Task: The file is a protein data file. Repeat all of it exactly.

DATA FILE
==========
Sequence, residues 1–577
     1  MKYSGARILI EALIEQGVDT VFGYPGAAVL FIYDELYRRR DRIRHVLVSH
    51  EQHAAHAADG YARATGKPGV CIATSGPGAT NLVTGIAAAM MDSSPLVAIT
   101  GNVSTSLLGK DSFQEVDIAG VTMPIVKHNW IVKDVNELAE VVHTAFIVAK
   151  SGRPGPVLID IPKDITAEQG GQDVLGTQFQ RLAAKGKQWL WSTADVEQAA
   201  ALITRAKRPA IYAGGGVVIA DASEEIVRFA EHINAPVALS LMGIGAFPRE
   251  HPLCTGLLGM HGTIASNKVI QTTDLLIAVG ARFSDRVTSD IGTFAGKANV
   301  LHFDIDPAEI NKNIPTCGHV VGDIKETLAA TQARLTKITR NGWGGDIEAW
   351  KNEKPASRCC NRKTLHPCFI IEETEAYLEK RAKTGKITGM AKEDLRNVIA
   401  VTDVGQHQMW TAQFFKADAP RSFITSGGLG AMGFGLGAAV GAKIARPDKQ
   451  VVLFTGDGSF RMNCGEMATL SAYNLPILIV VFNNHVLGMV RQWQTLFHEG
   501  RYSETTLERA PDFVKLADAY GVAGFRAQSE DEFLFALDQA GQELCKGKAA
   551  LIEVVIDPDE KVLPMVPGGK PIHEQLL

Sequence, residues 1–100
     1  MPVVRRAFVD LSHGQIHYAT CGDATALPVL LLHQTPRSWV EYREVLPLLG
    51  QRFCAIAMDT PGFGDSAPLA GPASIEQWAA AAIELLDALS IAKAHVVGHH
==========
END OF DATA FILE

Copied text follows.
Sequence, residues 1–577
     1  MKYSGARILI EALIEQGVDT VFGYPGAAVL FIYDELYRRR DRIRHVLVSH
    51  EQHAAHAADG YARATGKPGV CIATSGPGAT NLVTGIAAAM MDSSPLVAIT
   101  GNVSTSLLGK DSFQEVDIAG VTMPIVKHNW IVKDVNELAE VVHTAFIVAK
   151  SGRPGPVLID IPKDITAEQG GQDVLGTQFQ RLAAKGKQWL WSTADVEQAA
   201  ALITRAKRPA IYAGGGVVIA DASEEIVRFA EHINAPVALS LMGIGAFPRE
   251  HPLCTGLLGM HGTIASNKVI QTTDLLIAVG ARFSDRVTSD IGTFAGKANV
   301  LHFDIDPAEI NKNIPTCGHV VGDIKETLAA TQARLTKITR NGWGGDIEAW
   351  KNEKPASRCC NRKTLHPCFI IEETEAYLEK RAKTGKITGM AKEDLRNVIA
   401  VTDVGQHQMW TAQFFKADAP RSFITSGGLG AMGFGLGAAV GAKIARPDKQ
   451  VVLFTGDGSF RMNCGEMATL SAYNLPILIV VFNNHVLGMV RQWQTLFHEG
   501  RYSETTLERA PDFVKLADAY GVAGFRAQSE DEFLFALDQA GQELCKGKAA
   551  LIEVVIDPDE KVLPMVPGGK PIHEQLL

Sequence, residues 1–100
     1  MPVVRRAFVD LSHGQIHYAT CGDATALPVL LLHQTPRSWV EYREVLPLLG
    51  QRFCAIAMDT PGFGDSAPLA GPASIEQWAA AAIELLDALS IAKAHVVGHH